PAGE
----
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Found In Space: Legends Of Pegasus Out Today

I thought it would be a game about hooves

Legends of Pegasus is a turn-based space strategy game with realtime but pausable combat, colony management and a plot that falls out of a wormhole and comes across a bit Galactica-like. It’s out later today and I’ve managed to have a quick look, only really testing up to where it stops being a tutorial. With Gamescom and Weissbier taking up so much time next week, closer examination and eventual words about wot we think will be a little delayed so I thought I’d say, ‘hey, that game is out today’ and then add ‘I’m not sure I like the fact that combat, exploring, colonisation and management all take place on what is probably referred to as a ‘seamless’ galactic map.’

Before more words, here’s the trailer for the final race to be revealed.

OK. Good. Now here are my experiences so far and keep in mind they are based on a brief session and also look at Alec’s rather in depth preview as well.

The game starts with a fight between the few surviving ships of my fleet, which have just zipped into an unknown sector of space, and some nasty aliens. Thankfully the nasty aliens have rubbish ships so all I need to do is drag a box around my own vessels and then right click on the enemies. No tactics or strategy, just a lesson in interface and, for the aliens, a lesson in humility.

Once the fight is over, the screen remains on the fleet, drifting around in space, but now an ‘end turn’ button has appeared. I’m told to colonise the only planet in the vicinity, so I select the appropriate ship and right click on the planet. Done. To set the colony into action, I have to double click on the planet and then drag buildings from a menu onto blocks on the planet that represent how much space there is. Some carry bonuses for specific types of building so I drop my factories on the industry tiles and my housing on the social tiles. I am already very good at Legends of Pegasus.

It’s a very basic introduction, teaching movement, construction and combat. However, the next step demonstrated the perils of integrating the turn-based and the realtime on the same map, with no distinction in terms of interface or appearance. The tutorial told me to build a repair dock in orbit around the colonised planet but as I did so, clicking end turn over and over again to complete the job, the ‘end turn’ button suddenly vanished. Enemies were approaching.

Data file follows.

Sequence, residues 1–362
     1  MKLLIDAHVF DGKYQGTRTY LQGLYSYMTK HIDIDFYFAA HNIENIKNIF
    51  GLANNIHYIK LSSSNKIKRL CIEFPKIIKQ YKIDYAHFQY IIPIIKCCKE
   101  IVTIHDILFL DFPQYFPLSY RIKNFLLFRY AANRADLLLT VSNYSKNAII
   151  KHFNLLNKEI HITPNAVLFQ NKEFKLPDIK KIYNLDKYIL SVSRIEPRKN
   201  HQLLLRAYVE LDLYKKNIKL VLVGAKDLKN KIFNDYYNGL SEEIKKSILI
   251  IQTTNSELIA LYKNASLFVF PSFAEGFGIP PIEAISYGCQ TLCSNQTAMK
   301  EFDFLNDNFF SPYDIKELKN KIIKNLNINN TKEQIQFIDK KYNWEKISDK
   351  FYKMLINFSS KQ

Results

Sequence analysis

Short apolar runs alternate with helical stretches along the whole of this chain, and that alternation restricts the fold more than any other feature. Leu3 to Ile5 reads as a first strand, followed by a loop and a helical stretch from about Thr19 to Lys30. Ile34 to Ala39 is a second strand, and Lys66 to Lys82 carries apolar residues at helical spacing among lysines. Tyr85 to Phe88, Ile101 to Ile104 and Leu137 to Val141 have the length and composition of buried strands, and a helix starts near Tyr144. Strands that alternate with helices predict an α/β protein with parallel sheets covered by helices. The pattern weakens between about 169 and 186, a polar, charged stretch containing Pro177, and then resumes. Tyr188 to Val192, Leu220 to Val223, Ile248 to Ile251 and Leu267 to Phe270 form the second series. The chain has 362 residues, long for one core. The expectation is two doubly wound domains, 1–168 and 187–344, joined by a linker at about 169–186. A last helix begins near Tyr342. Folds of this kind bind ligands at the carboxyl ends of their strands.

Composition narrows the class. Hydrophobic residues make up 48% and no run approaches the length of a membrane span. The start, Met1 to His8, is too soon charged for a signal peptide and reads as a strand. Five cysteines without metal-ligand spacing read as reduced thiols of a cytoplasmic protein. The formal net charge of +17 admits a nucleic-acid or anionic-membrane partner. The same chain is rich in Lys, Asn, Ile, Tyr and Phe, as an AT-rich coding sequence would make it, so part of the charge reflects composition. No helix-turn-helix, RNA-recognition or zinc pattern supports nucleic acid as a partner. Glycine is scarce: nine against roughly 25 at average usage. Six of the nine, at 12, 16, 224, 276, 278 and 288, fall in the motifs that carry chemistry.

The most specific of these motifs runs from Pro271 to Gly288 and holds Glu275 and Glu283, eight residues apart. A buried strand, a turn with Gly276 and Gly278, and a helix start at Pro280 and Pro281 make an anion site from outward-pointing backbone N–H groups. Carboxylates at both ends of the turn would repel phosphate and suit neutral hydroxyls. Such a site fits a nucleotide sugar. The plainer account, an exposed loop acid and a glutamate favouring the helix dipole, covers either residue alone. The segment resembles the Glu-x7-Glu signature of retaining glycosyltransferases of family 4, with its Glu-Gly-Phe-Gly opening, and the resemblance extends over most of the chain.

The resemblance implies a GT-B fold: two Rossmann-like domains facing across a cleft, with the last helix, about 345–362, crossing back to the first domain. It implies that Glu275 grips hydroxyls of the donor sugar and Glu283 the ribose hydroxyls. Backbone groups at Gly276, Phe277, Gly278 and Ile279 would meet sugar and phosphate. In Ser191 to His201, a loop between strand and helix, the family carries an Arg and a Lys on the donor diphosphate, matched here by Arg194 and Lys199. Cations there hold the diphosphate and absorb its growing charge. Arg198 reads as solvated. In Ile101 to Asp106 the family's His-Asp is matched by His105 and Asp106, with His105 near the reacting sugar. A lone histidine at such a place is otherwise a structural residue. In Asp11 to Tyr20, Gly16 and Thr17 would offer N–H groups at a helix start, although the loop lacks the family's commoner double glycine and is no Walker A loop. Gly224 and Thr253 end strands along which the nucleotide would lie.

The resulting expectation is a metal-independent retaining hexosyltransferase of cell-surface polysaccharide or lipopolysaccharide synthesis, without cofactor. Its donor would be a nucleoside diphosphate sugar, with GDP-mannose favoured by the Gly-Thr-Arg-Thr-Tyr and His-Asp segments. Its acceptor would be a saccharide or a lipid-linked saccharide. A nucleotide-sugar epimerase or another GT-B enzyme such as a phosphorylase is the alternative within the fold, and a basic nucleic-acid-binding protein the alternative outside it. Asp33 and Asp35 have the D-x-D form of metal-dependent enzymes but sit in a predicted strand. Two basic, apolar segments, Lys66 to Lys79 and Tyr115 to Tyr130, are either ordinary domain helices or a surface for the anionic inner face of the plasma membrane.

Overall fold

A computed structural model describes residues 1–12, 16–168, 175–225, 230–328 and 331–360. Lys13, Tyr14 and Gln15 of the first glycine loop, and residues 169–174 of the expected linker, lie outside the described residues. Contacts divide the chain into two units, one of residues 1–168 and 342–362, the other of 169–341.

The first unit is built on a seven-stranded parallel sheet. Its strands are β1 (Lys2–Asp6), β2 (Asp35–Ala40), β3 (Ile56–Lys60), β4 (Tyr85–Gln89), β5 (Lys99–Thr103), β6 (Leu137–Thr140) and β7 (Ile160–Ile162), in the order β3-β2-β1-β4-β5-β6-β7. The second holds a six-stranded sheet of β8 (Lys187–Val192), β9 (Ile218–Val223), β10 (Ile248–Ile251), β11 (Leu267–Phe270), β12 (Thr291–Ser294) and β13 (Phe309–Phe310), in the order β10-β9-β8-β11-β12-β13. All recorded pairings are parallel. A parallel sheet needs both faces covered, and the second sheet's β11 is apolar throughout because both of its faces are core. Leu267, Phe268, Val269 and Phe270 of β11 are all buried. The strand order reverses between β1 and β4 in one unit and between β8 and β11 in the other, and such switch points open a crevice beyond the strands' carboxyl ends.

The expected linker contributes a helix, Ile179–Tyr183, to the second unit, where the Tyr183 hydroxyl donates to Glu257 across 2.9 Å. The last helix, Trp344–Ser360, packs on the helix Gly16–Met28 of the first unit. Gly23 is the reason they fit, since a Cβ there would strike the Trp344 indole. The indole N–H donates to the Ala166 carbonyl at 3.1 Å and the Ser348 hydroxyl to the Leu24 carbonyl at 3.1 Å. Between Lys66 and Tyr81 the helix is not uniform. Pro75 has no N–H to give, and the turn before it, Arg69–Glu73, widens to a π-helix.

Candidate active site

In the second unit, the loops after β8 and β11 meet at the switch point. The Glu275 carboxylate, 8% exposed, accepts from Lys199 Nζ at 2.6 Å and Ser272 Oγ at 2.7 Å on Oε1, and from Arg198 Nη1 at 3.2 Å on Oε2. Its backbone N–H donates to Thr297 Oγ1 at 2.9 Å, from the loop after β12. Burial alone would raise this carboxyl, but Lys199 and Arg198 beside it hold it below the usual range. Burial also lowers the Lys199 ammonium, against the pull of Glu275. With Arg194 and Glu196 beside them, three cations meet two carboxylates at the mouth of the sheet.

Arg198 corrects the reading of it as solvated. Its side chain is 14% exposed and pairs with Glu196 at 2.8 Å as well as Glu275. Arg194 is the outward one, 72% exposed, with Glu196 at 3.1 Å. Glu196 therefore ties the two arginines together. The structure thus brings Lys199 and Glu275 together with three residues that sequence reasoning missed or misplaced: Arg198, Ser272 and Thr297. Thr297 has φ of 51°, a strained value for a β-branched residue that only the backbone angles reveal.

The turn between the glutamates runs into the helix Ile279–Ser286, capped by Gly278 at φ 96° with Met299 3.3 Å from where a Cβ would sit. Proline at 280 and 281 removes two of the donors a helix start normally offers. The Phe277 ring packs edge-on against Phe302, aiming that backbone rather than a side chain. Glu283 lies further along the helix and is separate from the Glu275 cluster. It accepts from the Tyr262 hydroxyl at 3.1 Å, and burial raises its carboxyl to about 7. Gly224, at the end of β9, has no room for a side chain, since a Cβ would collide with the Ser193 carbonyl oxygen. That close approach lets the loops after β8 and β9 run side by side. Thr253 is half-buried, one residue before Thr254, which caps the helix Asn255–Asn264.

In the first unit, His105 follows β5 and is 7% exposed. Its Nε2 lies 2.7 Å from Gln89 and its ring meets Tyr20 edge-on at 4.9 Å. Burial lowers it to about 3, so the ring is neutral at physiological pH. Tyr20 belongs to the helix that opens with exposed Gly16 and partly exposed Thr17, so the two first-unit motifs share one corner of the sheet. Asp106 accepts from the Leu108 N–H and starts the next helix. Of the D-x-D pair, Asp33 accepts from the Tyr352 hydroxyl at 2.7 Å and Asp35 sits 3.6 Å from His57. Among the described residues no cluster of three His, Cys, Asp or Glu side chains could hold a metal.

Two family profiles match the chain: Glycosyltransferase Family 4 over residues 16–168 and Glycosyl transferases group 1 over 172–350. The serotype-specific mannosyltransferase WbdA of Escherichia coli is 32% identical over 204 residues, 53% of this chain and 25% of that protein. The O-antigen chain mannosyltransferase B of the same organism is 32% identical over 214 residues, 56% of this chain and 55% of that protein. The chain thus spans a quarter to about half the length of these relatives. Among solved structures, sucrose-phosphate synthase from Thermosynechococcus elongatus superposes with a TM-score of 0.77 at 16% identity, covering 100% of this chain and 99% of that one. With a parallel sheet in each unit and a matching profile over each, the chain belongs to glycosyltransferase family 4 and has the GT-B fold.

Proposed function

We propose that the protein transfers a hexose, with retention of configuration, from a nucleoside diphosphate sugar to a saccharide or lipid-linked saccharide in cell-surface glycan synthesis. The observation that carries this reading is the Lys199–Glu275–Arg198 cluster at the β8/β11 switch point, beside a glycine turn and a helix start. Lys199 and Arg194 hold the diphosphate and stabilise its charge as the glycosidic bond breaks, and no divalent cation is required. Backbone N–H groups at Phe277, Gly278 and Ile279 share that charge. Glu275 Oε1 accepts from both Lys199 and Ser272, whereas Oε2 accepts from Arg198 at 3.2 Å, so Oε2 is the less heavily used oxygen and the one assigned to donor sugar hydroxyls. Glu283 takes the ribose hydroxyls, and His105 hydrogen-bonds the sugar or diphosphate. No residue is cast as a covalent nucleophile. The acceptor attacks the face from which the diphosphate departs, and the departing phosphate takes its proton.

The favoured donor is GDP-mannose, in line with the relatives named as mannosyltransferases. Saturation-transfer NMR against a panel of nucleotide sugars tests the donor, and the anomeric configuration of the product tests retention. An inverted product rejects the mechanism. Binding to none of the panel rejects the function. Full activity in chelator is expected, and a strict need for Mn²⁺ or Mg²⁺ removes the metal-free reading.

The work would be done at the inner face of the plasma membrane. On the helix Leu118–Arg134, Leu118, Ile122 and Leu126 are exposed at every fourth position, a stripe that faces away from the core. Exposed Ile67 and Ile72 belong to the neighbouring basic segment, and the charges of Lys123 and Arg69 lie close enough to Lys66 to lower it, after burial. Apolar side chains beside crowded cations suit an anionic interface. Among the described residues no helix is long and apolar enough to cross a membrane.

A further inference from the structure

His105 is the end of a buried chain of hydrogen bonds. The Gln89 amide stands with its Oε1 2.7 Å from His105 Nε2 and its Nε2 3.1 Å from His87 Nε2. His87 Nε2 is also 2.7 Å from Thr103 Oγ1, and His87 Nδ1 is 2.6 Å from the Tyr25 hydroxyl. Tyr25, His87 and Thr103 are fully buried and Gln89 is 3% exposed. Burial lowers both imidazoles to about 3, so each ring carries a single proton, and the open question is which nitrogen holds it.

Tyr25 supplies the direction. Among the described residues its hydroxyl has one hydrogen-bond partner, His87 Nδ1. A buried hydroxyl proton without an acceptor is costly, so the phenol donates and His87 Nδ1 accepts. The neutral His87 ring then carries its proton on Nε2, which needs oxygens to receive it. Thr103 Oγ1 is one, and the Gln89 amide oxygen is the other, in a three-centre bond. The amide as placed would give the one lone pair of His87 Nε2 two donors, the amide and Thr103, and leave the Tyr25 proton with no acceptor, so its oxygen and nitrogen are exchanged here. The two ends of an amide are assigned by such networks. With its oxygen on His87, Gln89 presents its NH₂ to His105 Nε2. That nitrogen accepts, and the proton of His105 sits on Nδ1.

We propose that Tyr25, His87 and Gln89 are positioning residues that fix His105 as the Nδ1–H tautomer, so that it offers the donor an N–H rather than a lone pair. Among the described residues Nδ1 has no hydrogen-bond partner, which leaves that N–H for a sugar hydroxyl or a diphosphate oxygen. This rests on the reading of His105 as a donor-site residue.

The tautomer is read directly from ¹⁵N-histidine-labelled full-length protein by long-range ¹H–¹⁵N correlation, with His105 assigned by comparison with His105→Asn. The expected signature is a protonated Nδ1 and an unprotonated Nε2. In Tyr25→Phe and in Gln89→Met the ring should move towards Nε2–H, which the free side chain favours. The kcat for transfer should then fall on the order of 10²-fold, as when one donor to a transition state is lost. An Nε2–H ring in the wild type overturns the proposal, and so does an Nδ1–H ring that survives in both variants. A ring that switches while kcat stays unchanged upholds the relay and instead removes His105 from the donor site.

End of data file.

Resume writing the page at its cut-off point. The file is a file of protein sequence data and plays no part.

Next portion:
When I zoomed out though, I saw that they were so far away that it’d take a couple of minutes for my ships to fly out to them, possibly even longer to wait for them to come into range. So how long is a turn, how far can ships travel between one click and the next? Why couldn’t I just keep ending turns and be alerted when they were closer again? I gathered my ships and sent them into battle. They won because the enemy ships were tinier and less numerous.

I sent my ships back to the planet, waiting for the repair dock to be finished. I couldn’t end the turn. A tiny corvette had now entered the vicinity of the planet and another few minutes was wasted sending a ship to kill it and then return. The interruptions might become less evident when the game becomes more interesting, or they may well become more distracting, but it struck me as being like playing a game of Civ and having to enter real time whenever a barbarian wandered close to a city, not allowed to continue with the actual strategy until it was dead.

I’m interested to see what happens next, with complex research trees and ship construction promised, and all of this probably sounds like nitpicking, but I was genuinely baffled by the way all aspects of the game have been bunched together. I guess I like to do my warring in the war room and my management in the management suite rather than having tiny wars intruding on my all-important strategic summits. Alec’s preview did mention an auto-resolve option and maybe that is revealed later, just like the seemingly awesome terraforming. Maybe it’s already there and I’m too dense to notice it. Wouldn’t be the first time.

Full thoughts when the madness of Gamescom is done, just felt the need to share some quick reservations in case anyone was ready to throw thirty and a few pounds down simply because space is the best.

Legends of Pegasus is available today, priced at £34.99 at the Kalypso digital store and GamersGate or £29.74 on Steam until 6PM when it is released thanks to a 15% preorder discount. It’s probably available other places as well, so apologies if I didn’t mention your favourite shop. EDIT: ChainsawHands down in yon comments spots what looks like the best deal yet – £22.85 at shopto.net.

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Adam Smith

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